i.e. route -p add 192.168.6.0 mask 255.255.255.0 192.168.0.254 metric 2


Also, do you know if I need to define the interface number? (I'm guessing not.)

Thanks again.


Georg Pauwen Fri, 12/12/2003 - 04:27
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Hello,


first, the batch file for your Windows 98 would work like this:


1. Open a Text Editor (e.g.Notepad or Wordpad) and type the route -p add line into the editor (since you got it to work with metric 2, you can change the metric to 2, metric 3 in my example was just that, an example). So type:


@echo off

route add 192.168.6.0 mask 255.255.255.0 192.168.0.254 metric 2


and save the file with the name route.bat (the extension .bat is important, because that causes the machine to execute whatever is written in there). The @echo off command in the first line lets you hide the DOS window that is normally started by the batch file.


2. Add the file to the Startup folder of your Windows 98 client. This will ensure that the route gets added every time the client starts up. You can check if the route has been added by executing the command 'route print' from the DOS prompt of your clients.


Let me know if it's working and if you need more help.


Regards,


GP





a_l_ron Fri, 12/12/2003 - 07:14
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You're a star! Thank you.

Unfortunately, I've run out of time today and hope to continue the task on monday.

One other thing. I've read elsewhere on these forums about how to set up a secondary ip address on the router ethernet0 interface. So I've managed that just fine. Except they suggested that the "ip fast switching same interface" should be enabled.

Is this true for the 837 and if so could you tell me how to enable it please? (Using the "show ip int" command tells me that it's currently disabled.)

I've looked and looked to no avail. :(

Thank you, thank you, thank you.



Georg Pauwen Fri, 12/12/2003 - 07:41
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Hello,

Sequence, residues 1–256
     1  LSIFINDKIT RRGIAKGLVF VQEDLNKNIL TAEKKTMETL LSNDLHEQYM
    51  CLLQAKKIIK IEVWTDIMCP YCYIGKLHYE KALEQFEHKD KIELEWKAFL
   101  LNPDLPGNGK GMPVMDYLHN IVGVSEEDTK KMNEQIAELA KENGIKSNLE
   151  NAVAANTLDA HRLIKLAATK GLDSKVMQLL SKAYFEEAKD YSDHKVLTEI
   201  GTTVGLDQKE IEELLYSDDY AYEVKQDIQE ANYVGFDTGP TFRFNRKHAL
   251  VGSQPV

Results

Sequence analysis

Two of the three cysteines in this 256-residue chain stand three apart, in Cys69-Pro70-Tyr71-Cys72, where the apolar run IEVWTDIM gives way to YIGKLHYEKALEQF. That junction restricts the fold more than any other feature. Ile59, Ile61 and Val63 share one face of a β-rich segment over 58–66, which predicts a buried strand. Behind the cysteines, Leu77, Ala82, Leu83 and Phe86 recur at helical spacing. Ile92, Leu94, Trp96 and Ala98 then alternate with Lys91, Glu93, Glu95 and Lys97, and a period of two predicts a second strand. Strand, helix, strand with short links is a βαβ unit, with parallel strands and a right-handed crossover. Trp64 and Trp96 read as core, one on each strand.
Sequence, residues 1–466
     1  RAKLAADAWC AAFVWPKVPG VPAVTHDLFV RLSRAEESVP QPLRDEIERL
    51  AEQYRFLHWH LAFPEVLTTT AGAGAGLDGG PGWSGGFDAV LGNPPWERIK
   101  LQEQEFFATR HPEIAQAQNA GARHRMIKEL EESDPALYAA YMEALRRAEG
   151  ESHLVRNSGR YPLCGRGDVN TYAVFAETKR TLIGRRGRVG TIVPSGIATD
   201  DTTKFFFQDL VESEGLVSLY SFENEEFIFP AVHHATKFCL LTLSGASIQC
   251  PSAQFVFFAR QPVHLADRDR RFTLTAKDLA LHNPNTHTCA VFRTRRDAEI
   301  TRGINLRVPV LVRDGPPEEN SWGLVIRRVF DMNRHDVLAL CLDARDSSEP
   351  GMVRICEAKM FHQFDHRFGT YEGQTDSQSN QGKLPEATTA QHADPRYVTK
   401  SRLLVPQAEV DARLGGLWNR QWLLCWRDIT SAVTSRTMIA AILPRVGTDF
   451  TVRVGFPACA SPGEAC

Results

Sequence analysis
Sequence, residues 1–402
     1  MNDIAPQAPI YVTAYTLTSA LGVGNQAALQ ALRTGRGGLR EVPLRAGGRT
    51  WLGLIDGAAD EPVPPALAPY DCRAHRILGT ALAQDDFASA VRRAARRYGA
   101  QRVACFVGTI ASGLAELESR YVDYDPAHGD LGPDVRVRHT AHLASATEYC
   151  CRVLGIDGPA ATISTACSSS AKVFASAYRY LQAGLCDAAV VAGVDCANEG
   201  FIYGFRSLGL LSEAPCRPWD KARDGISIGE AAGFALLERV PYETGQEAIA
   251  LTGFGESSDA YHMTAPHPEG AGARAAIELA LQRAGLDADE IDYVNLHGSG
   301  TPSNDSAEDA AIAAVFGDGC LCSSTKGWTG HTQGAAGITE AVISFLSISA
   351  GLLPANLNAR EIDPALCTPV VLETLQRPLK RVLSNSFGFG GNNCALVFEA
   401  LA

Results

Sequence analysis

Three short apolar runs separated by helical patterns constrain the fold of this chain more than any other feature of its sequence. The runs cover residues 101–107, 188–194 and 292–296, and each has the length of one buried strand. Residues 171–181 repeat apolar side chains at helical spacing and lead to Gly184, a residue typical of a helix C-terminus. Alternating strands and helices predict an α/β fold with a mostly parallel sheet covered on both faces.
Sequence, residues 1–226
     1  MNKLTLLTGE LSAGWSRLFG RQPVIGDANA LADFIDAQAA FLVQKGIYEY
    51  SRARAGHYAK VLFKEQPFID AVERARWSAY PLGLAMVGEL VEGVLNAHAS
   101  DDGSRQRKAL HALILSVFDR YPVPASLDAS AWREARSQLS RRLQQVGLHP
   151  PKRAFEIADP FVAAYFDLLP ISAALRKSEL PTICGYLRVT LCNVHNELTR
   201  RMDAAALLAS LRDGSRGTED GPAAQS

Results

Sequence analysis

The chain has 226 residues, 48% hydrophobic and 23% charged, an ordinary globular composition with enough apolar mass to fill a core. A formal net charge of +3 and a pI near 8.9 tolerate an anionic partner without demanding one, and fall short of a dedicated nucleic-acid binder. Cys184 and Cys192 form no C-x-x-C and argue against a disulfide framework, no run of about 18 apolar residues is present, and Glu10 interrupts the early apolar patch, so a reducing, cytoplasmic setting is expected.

you can enable fast switching by typing the following command in interface configuration mode:


ip route-cache same-interface


I would not recommend it, unless your uplink has the same speed as your Ethernet (10MB(, since otherwise you might experience packet drops. With fast switching, destination IP addresses are stored in the high-speed cache to expedite packet forwarding, you can try and test it and turn it on to see if it improves response times.


Regards,


GP

a_l_ron Mon, 12/15/2003 - 04:19
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Thanks for the info on the fast switching, I'll take your advice and leave it disabled.

Well, so far so good. I've configured the router and a collection of workstations running 2000 and 98 and I've configured a laptop for the other subnet and hooked it into the router. All those machines that I've run the route.bat/dos command on can't ping or see the laptop or the other router IP. Those that I haven't run the route.bat/dos command on can only see the router at the moment. I'm leaving the laptop connected over night because when we thought we'd cracked it the first time (before gaining your help) we discovered that the next day the router was merrily forwarding IPs accross the 2 subnets.


Cross your fingers, I think we've cracked it.

I'll confirm whether it's worked for sure in the next day or two.

Thank you so much for your help, you may have saved or school a considerable amount of money (which we don't have!).



Correct Answer
Georg Pauwen Mon, 12/15/2003 - 04:31
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Hello,


money, who has ever enough of it ... :)

What kind of school are you actually working for ?


Regards,


GP

a_l_ron Tue, 01/06/2004 - 05:15
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Thanks very much for all your help. So far it seems to be working a treat, although it took a long time to go around all the workstations and run the dos prompt program. Still hopefully it's saved a packet.


Cheers.